A combined no-hitter is like an In-N-Out burger that’s been sitting out for an hour. It’s still an In-N-Out burger, and it’s still pretty good … but you know it’s not as good as it could have been. You can’t put a combined no-hitter in the microwave for a few seconds, either. So put me down as someone who was absolutely in favor of letting Cobb go for it. We’ll see if this looks inconsequential or reckless in retrospect.

If you’re worried about the physical effects of a game like this on a 35-year-old with a Tommy John history, though, note that the most dangerous play of the night came in the field. Almost every no-hitter and perfect game has that play. The Grégor Blanco play. With two outs in the eighth inning, center fielder Austin Slater provided it, and it seemed like the last box to check for those official it’s-gonna-happen vibes.

However, once an outfielder starts to turn his wrist like this …

… it starts to get a lot dicier than an extra 30 pitches from a veteran pitcher. But Slater corrected in time and made the catch of the night, if not the season. It would have been an all-time catch with one more out, up there with the great no-no-saving catches in baseball history, closer to the DeWayne Wise end of the spectrum than most. (For a treat, click through that link and see who hit the ball in that Wise video.)

“I was just thinking that I wasn’t going to let this drop,” Slater said after the game. “Honestly, off the bat, I didn’t think that I had a chance. But I was like, ‘Well, I’m going, so I might as well keep going after it,’ and luckily was able to get there and make the play.”

Slater’s catch gets 4.5 Blancos out of 5. Everything had to be perfect to catch a dying quail that had an expected batting average of .480, even the replay review in New York.

Right fielder Luis Matos gets a 1.5 Pences out of 5 when it comes to how close he came to catching Steer’s double in the ninth. He took a fine route and made a strong effort, but there was nothing he could have done, other than getting the same painful limb-lengthening procedure that Ethan Hawke underwent in “Gattaca”

Hunter Pence’s attempt in Petit’s near no-no was more of a Charlie-Brown-on-the-sidewalk kind of non-catch, with baseball history riding on what might have happened with a step in and to the left before the pitch, or a few extra inches on Chávez’s sinking liner, or just a little less sea air, or … you get the idea. With Cobb’s would-be no-hitter, he left a splitter just a little up, and Steer put a great swing on it. Matos never had a chance. Tip your cap, and so forth.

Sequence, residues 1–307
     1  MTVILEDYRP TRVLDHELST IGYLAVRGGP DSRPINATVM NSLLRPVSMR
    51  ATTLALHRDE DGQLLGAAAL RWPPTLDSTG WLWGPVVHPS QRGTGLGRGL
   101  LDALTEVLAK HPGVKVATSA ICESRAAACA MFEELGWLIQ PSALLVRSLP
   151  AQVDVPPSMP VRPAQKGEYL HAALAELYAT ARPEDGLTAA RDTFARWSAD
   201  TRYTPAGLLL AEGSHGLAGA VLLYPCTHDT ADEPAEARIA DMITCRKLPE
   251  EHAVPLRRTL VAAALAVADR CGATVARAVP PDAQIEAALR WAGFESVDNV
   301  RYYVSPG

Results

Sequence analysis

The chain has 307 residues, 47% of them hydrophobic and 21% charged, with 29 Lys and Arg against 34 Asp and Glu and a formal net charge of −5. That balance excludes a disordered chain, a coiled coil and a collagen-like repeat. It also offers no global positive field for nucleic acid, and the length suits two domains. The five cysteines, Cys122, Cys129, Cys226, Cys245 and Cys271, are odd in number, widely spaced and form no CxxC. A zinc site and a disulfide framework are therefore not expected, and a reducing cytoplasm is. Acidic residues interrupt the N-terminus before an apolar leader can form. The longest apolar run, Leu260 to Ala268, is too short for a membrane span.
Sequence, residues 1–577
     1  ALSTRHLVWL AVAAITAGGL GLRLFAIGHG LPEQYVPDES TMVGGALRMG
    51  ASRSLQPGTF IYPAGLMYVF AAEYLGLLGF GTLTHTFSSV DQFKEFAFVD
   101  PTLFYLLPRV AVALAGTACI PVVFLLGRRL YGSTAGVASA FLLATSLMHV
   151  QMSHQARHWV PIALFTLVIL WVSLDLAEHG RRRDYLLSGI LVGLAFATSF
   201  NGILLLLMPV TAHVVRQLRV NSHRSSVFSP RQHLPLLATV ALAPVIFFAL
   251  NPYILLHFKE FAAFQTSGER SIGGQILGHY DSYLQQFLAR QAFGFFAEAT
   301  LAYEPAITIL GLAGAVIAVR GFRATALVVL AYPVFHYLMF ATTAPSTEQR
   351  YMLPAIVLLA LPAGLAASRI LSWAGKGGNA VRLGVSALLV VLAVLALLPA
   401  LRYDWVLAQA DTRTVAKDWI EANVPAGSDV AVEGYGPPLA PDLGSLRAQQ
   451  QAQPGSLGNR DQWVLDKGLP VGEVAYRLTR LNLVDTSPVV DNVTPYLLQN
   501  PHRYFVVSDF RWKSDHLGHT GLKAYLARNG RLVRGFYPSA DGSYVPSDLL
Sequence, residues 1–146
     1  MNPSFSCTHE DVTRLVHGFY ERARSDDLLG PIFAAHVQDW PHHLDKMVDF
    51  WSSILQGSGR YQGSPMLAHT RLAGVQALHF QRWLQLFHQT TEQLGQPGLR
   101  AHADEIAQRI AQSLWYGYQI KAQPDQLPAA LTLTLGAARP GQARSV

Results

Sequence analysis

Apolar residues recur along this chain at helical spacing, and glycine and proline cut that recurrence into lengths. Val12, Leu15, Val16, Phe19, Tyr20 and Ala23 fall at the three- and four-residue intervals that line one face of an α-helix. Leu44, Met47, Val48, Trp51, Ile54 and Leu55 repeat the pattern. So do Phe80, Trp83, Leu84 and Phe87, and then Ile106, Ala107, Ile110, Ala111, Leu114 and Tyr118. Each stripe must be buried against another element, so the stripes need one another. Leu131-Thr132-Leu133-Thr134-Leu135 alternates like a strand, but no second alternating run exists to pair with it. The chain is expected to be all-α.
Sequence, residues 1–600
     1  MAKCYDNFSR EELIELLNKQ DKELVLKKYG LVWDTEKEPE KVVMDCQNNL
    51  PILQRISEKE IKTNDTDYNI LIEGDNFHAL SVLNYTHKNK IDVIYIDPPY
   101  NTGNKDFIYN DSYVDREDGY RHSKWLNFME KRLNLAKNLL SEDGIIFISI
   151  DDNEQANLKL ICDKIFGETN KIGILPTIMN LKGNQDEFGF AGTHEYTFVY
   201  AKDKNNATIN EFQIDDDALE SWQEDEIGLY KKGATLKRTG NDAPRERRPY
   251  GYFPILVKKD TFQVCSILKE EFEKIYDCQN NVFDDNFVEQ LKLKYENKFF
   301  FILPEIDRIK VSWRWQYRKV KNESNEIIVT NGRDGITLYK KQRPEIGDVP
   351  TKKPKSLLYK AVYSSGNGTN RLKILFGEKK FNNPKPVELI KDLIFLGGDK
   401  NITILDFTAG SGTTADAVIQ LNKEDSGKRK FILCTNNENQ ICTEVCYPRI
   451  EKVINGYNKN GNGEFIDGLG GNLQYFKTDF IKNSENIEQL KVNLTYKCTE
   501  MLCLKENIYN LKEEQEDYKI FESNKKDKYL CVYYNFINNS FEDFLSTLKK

Still, there are more important things than the what-ifs. The Giants won. Patrick Bailey hit a two-out, two-run home run, but his biggest contribution might have been behind the plate, calling a one-hitter and stealing strikes the entire time. Matos knocked a two-out RBI double, and he’s hitting over .300 since coming back from Triple-A Sacramento. Mitch Haniger didn’t do much in his return from the IL, but the important part is that he returned from the IL.

The Giants have momentum. There’s a famous Earl Weaver quote that goes, “Momentum? Momentum is the next day’s starting pitcher,” and don’t you forget it. But for the first time in a long time, the Giants entered a series with three announced starters, and the first two absolutely dominated in a way that people will remember for years and years. The most accomplished and reliable starter in the rotation — Logan Webb — is the next one up. In the Giants’ case, momentum has been because of the next day’s starting pitcher, and they’re counting on it to continue.

It was a great win, as fantastic as you’ll see. It might only be tied for the best win over the last two days, though, which gives you a sense for how much fun the Giants are having right now. They snapped out of a weeks-long funk at just the right time, and they’re starting to resemble the team that went 18-8 in June. Don’t look at the what-ifs. Just think of the win, dang it, the win!

And yet …

— Eno Sarris contributed to this report.

(Photo of Cobb and Bailey embracing after the complete game: Godofredo A. Vásquez / Associated Press)